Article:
Methodist Hospital suspends debt collection lawsuits after report

MEMPHIS, Tenn. — Memphis' largest hospital system, Methodist Le Bonheur Healthcare, has temporarily suspended legal action over unpaid medical bills after it was discovered some of the hospital's own lower wage-earning employees were falling into mountains of debt.

The 30-day suspension to evaluate billing practices comes after more than a year of investigating and research showing Methodist had filed 8,300 lawsuits in the past five years.

"You can only earn so much money and you can only pay so much. It's a real problem with the healthcare industry as a whole," said Kevin Snider, an attorney who deals with consumer protection.

Methodist, a nonprofit, Christian healthcare system, started receiving blowback last week after nonprofit news organizations Pro Publica, in partnership with MLK:50 Justice Through Journalism, released the staggering statistics and shocking findings.

 "We interviewed several people who work for the hospital, who make less than $13 an hour, who are being sued for hospital bills they can't afford to pay," said Wendi Thomas, editor and publisher of MLK50: Justice Through Journalism, "and in some cases these patients had worked for Methodist and had Methodist insurance, and were still left with bills they couldn't afford to pay."

She says the fact Methodist sues isn't unusual, and pointed out the number of lawsuits isn't unusual for the hospital's size compared to other area competitors.  What is unusual is their aggressiveness.

Following the series of stories, Methodist issued a statement saying it is halting court collections for now.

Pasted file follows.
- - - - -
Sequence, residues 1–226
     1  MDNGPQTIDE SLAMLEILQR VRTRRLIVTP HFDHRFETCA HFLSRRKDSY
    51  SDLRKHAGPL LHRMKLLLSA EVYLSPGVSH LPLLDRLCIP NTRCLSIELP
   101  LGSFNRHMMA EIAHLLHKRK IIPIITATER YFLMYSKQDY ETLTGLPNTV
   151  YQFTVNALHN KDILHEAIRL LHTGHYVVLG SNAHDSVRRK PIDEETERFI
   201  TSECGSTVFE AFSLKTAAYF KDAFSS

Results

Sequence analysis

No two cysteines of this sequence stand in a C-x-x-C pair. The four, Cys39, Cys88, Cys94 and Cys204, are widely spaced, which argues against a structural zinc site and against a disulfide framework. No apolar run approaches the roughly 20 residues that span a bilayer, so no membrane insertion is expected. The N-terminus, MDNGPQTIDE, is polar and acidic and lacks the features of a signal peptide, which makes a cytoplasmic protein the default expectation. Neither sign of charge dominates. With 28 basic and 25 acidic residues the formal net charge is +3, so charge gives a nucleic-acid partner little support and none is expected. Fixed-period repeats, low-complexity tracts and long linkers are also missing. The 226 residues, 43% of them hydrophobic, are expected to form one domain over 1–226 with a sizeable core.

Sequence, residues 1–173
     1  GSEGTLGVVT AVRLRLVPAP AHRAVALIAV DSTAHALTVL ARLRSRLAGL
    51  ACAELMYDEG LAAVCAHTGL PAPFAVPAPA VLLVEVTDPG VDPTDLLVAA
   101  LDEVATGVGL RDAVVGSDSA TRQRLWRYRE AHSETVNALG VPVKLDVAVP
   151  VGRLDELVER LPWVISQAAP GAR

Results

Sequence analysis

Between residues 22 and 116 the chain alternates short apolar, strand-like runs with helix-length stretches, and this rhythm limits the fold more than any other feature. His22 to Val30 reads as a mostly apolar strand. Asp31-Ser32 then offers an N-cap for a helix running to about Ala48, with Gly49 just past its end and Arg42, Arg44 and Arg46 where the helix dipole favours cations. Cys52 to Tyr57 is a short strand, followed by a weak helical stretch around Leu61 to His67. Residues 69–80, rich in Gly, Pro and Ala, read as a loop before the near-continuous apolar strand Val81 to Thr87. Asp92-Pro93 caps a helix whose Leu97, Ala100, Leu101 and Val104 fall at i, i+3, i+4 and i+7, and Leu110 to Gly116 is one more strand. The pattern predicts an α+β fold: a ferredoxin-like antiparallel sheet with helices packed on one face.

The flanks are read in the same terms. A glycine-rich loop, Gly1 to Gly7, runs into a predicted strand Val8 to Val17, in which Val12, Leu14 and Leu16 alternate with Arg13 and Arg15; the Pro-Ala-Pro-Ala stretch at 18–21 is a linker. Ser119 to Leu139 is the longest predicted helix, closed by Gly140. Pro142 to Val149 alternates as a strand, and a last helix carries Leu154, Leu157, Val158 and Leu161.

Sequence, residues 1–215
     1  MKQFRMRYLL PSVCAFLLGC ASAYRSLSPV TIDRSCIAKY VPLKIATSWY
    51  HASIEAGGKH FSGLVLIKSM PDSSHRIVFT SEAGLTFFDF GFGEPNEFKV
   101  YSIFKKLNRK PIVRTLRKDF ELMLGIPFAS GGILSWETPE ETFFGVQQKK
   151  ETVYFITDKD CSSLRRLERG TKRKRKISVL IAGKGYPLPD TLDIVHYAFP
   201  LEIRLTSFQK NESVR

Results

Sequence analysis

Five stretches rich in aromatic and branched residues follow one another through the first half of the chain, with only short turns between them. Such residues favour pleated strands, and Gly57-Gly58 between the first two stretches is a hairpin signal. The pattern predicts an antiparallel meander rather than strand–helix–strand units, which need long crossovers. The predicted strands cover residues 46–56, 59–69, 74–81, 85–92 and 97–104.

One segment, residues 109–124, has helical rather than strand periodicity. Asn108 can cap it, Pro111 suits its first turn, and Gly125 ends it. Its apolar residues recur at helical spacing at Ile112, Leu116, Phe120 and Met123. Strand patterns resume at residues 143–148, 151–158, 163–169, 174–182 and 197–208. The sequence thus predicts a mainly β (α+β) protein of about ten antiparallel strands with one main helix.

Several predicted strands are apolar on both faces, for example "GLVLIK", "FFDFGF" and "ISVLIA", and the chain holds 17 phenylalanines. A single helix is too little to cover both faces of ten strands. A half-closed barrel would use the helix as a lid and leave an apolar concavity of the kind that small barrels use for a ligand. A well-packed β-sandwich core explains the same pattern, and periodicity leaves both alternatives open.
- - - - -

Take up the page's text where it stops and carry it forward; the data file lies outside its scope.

The statement from a hospital spokesperson said: We are dedicated to strengthening the communities we serve and improving the well-being of patients and families. We recognize that we serve a diverse community and we are always thinking about how we can do more and serve our community better. Over the next 30 days we will be reviewing our policies and procedures to ensure we are doing everything possible to provide the communities we serve with the care and assistance they need. Also, we will immediately suspend any further court collection activities during this period. As a learning organization that is committed to continuous quality improvement, we want to be absolutely sure that our practices continue to support our mission and vision of improving every life we touch regardless of ability to pay. 

Thomas said when she got word of the suspension, she rushed to courthouse this morning to see what would happen, and about 27 cases were dropped from the docket.

"So I've sat in court and listened to Methodist try cases now for almost six months," Thomas said. "It was unusual to hear the attorney for the plaintiff, Methodist, say, 'Dropped, please your honor, dropped, dropped, dropped.'

But review doesn't necessarily mean change, Thomas explained.

"I think they can look at everything, but unless they decide they're going to make their financial assistance policy more generous, that they're going to stop taking these extraordinary collection actions, that they're going to forgive some of the debts for these people that can't afford to pay them, to me that's what other hospitals we found in our research have done when they were subject of investigations like this. So Methodist has a path to follow if it so chooses."

WREG asked Methodist for an on camera interview but they only provided a statement.

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